Okay, well, what about Highlights? Well, we've talked about Highlights before; that it works on this tonal region here. We'll click and drag that to the left, and that makes the image a little bit more even. Interesting. The brighter side, well, it's a bit more subdued. This darker side over here kind of stayed as is, and we can see how that works, again, just primarily working on those brighter tones. Okay, well, let's continue to exaggerate. What if we wanted to work on some of these shadows here? Not the deep dark shadows, but some of the middle shadows.
Well, we could use this Shadow slider, drag that up, and what's going to happen is the image is going to start to appear like it's a little bit more evenly lit, versus one side that's bright and one side that's dark. So again, Shadows can kind of boost a little bit of light into that area. One of the things that I notice is as we do this exaggeration here, the whites are still too bright. We need to reach into those brightest tones; we do that with the white slider. Here we can either brighten those up, or we can darken those down. And again, I'm not saying that the image looks better here, but what I am trying to do is really get us to think about how we can modify our photographs using these controls, and I'm doing this by exaggerating with these controls.
All right. Well, what about blacks? Well, here we can bring up the blacks, or we can bring those back down, darkening those. And again, what this can do for us is give us just amazing flexibility with how we process the image. And here, the image is completely overdone. Yet, one of the things that you can do to kind of save the day with your photographs is to add a little bit of contrast; kind of expand this histogram back out. You can see how it's almost flattening it, and pushing it back to where it was.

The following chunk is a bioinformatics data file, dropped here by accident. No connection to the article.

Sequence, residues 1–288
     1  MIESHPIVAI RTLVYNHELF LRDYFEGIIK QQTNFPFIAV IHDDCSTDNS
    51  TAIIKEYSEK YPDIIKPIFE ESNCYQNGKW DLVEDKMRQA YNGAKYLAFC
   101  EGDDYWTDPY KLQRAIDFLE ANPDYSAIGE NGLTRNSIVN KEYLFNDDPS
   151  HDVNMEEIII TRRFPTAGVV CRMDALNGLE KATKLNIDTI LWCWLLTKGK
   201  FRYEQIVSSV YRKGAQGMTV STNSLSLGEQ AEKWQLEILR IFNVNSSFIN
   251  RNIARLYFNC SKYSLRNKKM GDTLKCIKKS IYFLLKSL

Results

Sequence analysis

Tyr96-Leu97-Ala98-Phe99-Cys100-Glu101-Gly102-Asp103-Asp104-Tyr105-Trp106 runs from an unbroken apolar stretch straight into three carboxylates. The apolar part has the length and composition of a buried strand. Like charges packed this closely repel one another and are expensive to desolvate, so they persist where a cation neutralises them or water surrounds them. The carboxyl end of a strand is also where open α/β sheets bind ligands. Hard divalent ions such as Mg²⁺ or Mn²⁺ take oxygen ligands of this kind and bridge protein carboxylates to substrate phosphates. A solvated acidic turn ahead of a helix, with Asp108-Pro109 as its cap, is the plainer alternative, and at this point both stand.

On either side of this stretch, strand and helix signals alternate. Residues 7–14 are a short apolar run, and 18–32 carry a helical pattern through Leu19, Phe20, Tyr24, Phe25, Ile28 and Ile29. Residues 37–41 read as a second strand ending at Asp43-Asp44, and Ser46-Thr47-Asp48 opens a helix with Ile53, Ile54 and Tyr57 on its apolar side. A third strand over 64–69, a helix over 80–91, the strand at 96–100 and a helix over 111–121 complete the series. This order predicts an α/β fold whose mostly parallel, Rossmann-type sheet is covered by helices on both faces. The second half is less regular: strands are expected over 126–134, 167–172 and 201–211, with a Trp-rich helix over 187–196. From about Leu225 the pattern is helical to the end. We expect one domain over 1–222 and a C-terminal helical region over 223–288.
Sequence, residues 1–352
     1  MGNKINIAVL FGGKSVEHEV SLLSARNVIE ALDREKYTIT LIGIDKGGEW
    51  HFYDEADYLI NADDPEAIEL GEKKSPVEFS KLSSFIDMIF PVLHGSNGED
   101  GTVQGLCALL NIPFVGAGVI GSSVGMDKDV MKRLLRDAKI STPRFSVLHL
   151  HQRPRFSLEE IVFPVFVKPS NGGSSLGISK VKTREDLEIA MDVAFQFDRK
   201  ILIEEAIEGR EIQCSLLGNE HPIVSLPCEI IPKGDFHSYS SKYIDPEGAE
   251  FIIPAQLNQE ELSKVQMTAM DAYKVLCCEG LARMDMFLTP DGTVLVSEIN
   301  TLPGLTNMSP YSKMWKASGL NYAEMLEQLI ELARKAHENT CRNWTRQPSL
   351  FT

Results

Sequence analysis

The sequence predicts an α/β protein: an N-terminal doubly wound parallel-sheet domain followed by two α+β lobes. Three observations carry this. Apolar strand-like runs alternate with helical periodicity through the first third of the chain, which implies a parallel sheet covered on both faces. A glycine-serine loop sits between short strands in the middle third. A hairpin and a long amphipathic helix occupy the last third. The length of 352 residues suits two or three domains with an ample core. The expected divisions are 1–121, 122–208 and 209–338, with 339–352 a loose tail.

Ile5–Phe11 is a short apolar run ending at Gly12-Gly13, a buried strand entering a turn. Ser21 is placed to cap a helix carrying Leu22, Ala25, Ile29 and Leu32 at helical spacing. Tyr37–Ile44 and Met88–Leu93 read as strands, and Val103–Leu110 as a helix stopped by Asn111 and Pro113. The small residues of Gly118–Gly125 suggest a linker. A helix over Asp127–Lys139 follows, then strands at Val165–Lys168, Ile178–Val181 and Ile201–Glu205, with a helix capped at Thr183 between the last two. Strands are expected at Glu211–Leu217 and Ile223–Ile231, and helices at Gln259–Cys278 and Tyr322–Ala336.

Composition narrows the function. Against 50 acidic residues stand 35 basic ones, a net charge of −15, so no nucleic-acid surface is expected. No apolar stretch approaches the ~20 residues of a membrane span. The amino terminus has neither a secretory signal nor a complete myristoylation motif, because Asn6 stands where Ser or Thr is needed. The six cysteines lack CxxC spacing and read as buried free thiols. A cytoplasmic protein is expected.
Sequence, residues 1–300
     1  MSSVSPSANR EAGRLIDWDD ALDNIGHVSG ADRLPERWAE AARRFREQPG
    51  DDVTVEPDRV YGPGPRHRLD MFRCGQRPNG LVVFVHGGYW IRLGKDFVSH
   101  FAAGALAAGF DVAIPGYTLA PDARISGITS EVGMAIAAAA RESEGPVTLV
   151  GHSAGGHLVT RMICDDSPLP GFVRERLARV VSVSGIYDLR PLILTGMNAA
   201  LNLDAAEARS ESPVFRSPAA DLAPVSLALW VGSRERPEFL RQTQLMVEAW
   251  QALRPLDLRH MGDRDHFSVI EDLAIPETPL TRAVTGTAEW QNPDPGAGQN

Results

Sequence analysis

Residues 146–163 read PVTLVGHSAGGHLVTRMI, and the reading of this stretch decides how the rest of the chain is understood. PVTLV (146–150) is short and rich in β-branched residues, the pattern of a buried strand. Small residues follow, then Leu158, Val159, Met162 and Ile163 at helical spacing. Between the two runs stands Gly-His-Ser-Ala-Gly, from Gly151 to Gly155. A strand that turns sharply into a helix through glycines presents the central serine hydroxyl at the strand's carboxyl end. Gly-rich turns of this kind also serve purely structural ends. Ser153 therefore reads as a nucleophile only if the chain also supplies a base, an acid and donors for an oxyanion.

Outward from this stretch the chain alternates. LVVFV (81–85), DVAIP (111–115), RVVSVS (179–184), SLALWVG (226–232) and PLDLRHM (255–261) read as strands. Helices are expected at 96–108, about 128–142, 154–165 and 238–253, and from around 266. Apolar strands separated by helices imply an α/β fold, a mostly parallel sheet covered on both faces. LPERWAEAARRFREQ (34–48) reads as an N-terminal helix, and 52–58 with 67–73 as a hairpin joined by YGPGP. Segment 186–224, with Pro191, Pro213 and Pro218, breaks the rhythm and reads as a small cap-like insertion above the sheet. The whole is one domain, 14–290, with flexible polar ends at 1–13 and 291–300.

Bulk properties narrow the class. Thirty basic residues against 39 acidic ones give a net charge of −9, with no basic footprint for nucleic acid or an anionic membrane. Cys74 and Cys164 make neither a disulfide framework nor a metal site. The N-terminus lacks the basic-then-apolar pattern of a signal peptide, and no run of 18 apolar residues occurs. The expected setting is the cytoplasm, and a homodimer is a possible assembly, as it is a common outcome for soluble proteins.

Now, of course, we'll have a little bit of a color issue, but you can start to see how it can kind of almost just soften the relationship between the huge pull or push that we did with these different sliders. Again, keep in mind this is all little bit of an exaggeration. This image looks overprocessed. Here's our before, and then now our after. Yet, that being said, we still have a pretty strong amount of flexibility with how we push these sliders. You can also see that this latest version of Lightroom, even though we make these really drastic and dramatic adjustments, for the most part, the image, well, it's really holding up under these huge tonal adjustments or movements.
And really, in closing, what I want to highlight here is just that what I'm hoping that this movie does for you is that it just starts to help you connect the dots, and realize that, you know what? Working with these sliders is not really that difficult. It's just thinking about how these target different areas of the image, and how you can start to target those areas in order to come up with whatever your desired results, or aesthetic, or look is for your photograph, and that by using these sliders in combination, it can help you come up with a way to process your image that really previously was almost unimaginable. It will give you this new flexibility to, ideally, help you correct, and also enhance your photographs.
Well, here, as you can see, we're really just scratching the surface. There's obviously more to talk about in regards to these tonal adjustments. So let's continue this conversation, and let's do that in the next few movies.